Dawn Upshaw Sings Ravel
- May 30, 2013
- June 1, 2013
- May 31, 2013
In 1761, the 29-year-old Joseph Haydn received a lucrative job offer from Prince Paul Anton Esterházy, the head of one of Austria’s richest and most powerful noble families. During his first five years as Vice-Kapellmeister, Haydn was responsible for putting on concerts with the world-class private orchestra at his disposal, leading him to compose about two dozen symphonies along with various concertos and other instrumental works.
His first Esterházy symphonies were a trilogy connected to times of day—“Le matin” (Morning), “Le midi” (Noon) and “Le soir” (Evening)—an idea that may have been suggested by Prince Paul Anton. The work cataloged as Symphony No. 6 was probably closer to Haydn’s tenth, chronologically. In some regards, the music preserves the established Baroque style, particularly in the use of concertante solo instruments, as in a concerto grosso. But we can also recognize aspects of Haydn’s symphonic voice that are as strong here as they are in the final examples he wrote for London, 30-plus years and nearly 100 symphonies later.
Like most of those London Symphonies, the Morning symphony opens with a slow introduction. The first violins enter alone, then the second violins join in harmony, and soon the entire orchestra surges to a bright climax: The sun has risen.
The fast body of the movement enters with a melody played by flute alone, the first of many solo passages that show this symphony to be a descendent of the concerto grosso as much as the operatic sinfonia. The slow movement, scored without winds, shines the spotlight on the solo violin and cello.
The Menuet, a court dance marked by its stately pulse of three beats per measure, was a staple of the French dance suite. Haydn was among the first to add this extra movement to the Italian sinfonia template, one of the innovations that earned him the nickname “father of the symphony.” Even in this early example, the finale shows Haydn’s typical panache, like how he turns a simple melodic gesture of a rising scale into a pervasive, energizing accompaniment figure.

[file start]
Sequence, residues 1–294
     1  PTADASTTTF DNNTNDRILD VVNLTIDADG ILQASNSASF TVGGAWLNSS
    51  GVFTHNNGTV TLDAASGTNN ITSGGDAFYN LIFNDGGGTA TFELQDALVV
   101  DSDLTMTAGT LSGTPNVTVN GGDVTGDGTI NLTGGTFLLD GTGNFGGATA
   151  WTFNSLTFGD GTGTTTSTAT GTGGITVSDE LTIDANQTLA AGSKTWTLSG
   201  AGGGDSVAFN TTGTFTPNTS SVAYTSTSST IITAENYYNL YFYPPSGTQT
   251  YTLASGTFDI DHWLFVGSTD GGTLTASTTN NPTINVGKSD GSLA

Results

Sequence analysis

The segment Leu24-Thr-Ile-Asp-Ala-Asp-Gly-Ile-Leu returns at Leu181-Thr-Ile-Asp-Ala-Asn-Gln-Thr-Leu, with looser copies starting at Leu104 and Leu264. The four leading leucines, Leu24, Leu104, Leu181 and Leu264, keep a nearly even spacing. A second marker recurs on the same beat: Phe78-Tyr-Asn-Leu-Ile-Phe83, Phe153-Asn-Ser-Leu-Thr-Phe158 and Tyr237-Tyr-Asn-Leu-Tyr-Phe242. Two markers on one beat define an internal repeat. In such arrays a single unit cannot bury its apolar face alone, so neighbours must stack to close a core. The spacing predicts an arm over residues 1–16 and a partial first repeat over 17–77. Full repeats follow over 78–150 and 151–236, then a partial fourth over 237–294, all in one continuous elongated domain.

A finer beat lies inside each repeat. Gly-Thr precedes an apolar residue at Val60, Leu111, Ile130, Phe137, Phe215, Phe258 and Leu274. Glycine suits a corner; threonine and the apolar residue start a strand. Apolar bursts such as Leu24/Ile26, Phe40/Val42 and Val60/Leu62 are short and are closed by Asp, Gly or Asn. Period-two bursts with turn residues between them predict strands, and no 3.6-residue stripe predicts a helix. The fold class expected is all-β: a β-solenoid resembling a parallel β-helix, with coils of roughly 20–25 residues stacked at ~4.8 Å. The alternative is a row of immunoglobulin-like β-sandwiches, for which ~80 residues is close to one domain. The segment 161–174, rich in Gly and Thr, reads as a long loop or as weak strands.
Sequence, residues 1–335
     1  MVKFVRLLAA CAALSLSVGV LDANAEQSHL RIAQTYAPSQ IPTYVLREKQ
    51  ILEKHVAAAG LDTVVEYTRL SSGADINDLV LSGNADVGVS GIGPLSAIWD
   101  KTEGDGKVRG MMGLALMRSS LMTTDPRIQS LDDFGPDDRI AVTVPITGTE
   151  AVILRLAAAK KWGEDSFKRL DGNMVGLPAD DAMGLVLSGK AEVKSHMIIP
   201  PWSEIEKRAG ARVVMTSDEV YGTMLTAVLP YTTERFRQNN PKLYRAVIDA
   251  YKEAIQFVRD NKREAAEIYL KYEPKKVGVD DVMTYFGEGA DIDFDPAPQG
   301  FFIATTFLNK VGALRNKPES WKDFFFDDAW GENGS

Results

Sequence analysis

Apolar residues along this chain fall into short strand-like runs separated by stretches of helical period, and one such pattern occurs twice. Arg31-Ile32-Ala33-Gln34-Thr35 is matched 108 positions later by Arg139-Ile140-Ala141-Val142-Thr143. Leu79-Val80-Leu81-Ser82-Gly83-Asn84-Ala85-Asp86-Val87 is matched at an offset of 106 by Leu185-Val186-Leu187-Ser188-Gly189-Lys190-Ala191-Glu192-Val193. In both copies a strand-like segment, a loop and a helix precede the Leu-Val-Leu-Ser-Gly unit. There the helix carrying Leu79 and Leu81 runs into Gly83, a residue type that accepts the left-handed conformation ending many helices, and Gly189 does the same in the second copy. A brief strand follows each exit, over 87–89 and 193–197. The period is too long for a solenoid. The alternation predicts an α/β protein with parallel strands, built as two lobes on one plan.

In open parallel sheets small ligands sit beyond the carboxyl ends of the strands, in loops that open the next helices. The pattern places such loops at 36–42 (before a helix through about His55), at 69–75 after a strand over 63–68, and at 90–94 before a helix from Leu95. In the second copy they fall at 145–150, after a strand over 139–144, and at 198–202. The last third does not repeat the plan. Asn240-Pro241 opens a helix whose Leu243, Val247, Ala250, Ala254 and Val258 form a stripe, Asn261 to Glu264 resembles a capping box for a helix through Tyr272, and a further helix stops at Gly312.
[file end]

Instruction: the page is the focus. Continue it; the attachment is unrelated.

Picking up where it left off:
Aaron Grad ©2017
In 1925, the American patron Elizabeth Sprague Coolidge commissioned a new work from Maurice Ravel, the leading French composer of the day. Coolidge specified the genre (song cycle) and instrumentation (female voice with flute, cello and piano), and left the choice of text to Ravel, who selected poems from an eighteenth-century volume he had recently read. The resulting piece, Chansons madécasses, is one of a legendary list of compositions Coolidge initiated, including Bartók’s String Quartet No. 5, Stravinsky’s Apollo, and Copland’s Appalachian Spring.
Ravel culled the texts from a 1787 collection by Evariste Désiré de Forges Parny, who was most famous for an earlier book of erotic poems. Parny had claimed that his Madagascar Songs were actual folk verses from the African island, but more likely the poems were entirely of his own invention, at most influenced by his proximity to Madagascar when he worked for France’s colonial army in India. The texts are unabashedly lustful (“Your caresses burn all my senses / Stop or I will die!”) and political (“Do not trust the white men!”), surprising choices for the generally asexual and cool-headed composer. Ravel must have responded to the exotic nature of the material, part of the same fascination he exploited in Shéhérazade, Tzigane (Gypsy), and even the Blues movement of his Violin Sonata.
The opening song, “Nahandove,” uses the bare texture of cello and voice to capture the longing at the beginning and end of the poem. Ravel's text setting obsesses over the name “Nahandove,” amplifying the intense passion and romance of the raciest lines of the text. “Aoua!” does not shy away from the brutal intensity of the opening shout or the darkness of colonial oppression, building thick textures and crunching dissonances. The final song, “Il est doux,” captures the sweet indolence of a summer day, with girls singing and birds in the rice field. The text again veers toward the erotic, and Ravel matches it with slow and sensuous dance music. The singer breaks the spell with a nonchalant final line: “Go and prepare the meal.”
Aaron Grad ©
Night of the Four Moons, commissioned by the Philadelphia Chamber Players, was composed during the Apollo 11 flight [July 1969]. The work is scored for alto (or mezzo-soprano), alto flute (doubling piccolo), banjo, electric cello, and percussion. The percussion includes Tibetan prayer stones, Japanese Kabuki blocks, alto African thumb piano (mbira), and Chinese temple gong in addition to the more usual vibraphone, crotales, tambourine, bongo drums, suspended cymbal and tamtam. The singer is also required to play finger cymbals, castanets, glockenspiel and tamtam.